With the cloud bubble busting wide open in 2012, many IT specialists wondered how it would impact future jobs.
According to an IDC white paper sponsored by Microsoft, analysts forecast 13.8 million new jobs from public and private cloud IT services worldwide by 2015 and cloud revenue reaching $1.1 trillion.
“The cloud is going to have a huge impact on job creation,” says Susan Hauser, Microsoft corporate vice president of the Worldwide Enterprise and Partner Group. “It’s a transformative technology that will drive down costs, spur innovation, and open up new jobs and skill sets across the globe.”
The study found half of the cloud-related jobs will come from companies with 500 or fewer employees. More than one-third of cloud-enabled jobs will occur in the communications and media, banking, and discrete manufacturing industries, while China and India will account for about half of all new cloud-related jobs.
“One of the trends we’re seeing is that companies are using cloud-based collaboration software not just for their internal employees, but to engage and share information with partners and vendors,” says Aaron Nettles, co-founder and CEO of Vorsite, a Microsoft Tier 3 Cloud Champion Member based in Seattle, Wash. “So it’s really not just about maintaining technology but also about leveraging it to drive revenue for the business.”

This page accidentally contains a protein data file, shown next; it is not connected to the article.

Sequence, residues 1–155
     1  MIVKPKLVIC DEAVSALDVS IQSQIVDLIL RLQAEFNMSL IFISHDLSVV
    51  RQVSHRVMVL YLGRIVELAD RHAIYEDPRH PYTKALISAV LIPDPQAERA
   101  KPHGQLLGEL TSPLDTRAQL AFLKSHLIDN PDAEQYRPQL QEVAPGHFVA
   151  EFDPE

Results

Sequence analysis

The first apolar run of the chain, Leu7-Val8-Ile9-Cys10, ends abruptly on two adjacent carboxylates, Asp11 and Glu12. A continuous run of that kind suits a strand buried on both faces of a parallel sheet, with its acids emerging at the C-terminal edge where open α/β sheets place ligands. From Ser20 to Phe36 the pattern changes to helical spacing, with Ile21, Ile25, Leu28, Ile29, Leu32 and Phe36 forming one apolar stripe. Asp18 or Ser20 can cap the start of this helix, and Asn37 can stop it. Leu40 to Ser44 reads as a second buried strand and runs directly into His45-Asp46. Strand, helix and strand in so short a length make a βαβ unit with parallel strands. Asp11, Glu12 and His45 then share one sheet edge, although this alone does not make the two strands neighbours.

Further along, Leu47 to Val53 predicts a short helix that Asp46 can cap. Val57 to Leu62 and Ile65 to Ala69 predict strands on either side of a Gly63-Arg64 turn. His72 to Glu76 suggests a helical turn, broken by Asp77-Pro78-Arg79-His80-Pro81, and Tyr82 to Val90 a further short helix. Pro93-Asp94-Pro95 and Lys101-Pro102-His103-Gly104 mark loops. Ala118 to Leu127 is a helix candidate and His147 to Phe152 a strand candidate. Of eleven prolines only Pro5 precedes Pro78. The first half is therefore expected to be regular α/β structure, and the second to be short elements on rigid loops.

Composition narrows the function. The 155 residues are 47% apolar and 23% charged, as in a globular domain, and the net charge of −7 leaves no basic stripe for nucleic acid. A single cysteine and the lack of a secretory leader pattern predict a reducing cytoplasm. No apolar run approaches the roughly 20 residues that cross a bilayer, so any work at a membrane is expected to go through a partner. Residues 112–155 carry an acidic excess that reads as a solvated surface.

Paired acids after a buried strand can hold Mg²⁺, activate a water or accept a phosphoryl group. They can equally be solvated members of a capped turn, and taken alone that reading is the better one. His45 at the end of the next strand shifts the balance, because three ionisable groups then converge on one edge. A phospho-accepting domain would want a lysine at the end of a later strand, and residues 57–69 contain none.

But with this drive toward Cloud adoption comes a change that may disrupt businesses.
According to the Third Annual Trends in Cloud Computing from CompTIA, the leading non-profit association for the IT industry, the increasingly integral role of cloud computing is accompanied by significant change and disruption for cloud users, IT staffs and technology providers.
Although the number of organizations using cloud resources increased for the third straight year, the report says, this changes policies and procedures, restructuring IT departments and use of outside companies. But, these are necessary precautions.
The CompTIA report says as more lines of business attempt to procure and maintain their own cloud solutions, policies regarding security, use of company data and mobile devices need to be addressed.
“Internal IT departments also are on the edge of major transformation,” said Seth Robinson, director, technology analysis, CompTIA. “The option for cloud solutions for various parts of the computing stack is opening the doors for IT professionals to perform new tasks, or at least perform old tasks in new ways. It’s also creating new job roles and functions to more tightly integrate IT teams with lines of business.”